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A Fuse #8 Production
Inside A Fuse #8 Production

Review of the Day: The Princess and the Pig by Jonathan Emmett

The Princess and the Pig
By Jonathan Emmett
Illustrated by Poly Bernatene
Walker & Co. (a division of Bloomsbury)
ISBN: 978-0-8027-2334-5
Ages 4-8
On shelves now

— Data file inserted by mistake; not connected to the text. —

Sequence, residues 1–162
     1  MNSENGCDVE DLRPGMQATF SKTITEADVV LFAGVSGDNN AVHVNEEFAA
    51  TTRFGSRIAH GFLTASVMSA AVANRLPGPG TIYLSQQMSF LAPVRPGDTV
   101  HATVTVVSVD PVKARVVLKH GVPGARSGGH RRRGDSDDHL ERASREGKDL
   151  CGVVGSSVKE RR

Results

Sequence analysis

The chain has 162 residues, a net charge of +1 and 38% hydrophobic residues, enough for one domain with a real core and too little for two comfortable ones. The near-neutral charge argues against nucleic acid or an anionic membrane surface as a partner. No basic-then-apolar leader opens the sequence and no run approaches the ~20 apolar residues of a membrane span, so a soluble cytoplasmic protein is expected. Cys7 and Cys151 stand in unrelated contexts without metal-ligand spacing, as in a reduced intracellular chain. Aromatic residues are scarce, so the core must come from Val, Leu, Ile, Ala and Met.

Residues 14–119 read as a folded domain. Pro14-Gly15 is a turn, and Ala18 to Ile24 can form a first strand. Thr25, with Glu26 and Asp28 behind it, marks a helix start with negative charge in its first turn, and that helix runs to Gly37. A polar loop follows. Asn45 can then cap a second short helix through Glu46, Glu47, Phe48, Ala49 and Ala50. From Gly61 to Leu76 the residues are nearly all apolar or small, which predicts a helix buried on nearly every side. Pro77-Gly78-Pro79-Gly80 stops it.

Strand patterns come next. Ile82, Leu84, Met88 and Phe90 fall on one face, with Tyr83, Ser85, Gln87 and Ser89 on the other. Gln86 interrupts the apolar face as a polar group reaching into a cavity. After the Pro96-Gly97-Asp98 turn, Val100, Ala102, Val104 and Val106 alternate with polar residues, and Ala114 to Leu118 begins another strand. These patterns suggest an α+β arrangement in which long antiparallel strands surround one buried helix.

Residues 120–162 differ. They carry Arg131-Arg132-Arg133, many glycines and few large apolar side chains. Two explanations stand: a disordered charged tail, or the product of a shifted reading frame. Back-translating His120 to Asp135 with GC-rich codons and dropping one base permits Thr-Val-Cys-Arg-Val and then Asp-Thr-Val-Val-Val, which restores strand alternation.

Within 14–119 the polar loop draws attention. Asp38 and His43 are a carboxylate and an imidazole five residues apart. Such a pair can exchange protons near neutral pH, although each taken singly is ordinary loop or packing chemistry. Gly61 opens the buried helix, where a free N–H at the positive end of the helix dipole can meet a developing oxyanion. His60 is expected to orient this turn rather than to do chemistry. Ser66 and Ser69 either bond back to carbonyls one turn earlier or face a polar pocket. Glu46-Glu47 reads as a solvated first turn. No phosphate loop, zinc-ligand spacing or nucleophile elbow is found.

The princess craze is a relatively new phenomenon. I’m sure that little girls have pretended to be princesses for as long as the occupation has existed, but the current concentrated capitalization on that desire has taken the obsession to a whole other level. You can’t enter a toy department these days without being bombarded with the idea that every little girl should wear pink, frilly, sparkly costumes and woe betide the child that might prefer a good unadorned set of overalls instead. Naturally, all this sank into the world of picture books after a while. Stories like The Paper Bag Princess were now being ignored while the latest pink monstrosity would suck up all the attention. So you can probably understand why I was a little reluctant to pick up The Princess and the Pig at first. My first instinct was to just throw it on the pile with the rest of the princessey fare. Fortunately, I heard some low-key buzz about the book, making it clear that there might be something worthwhile going on here. Thank goodness I did too. Ladies and gentlemen, two men have come together and somehow produced a book that thumbs its nose at the notion of a little girl wanting to be a princess. In fact, when it comes right down to it, this is a tale about how sometimes it’s difficult to tell the royalty from the swine. Now that’s a lesson I can get behind!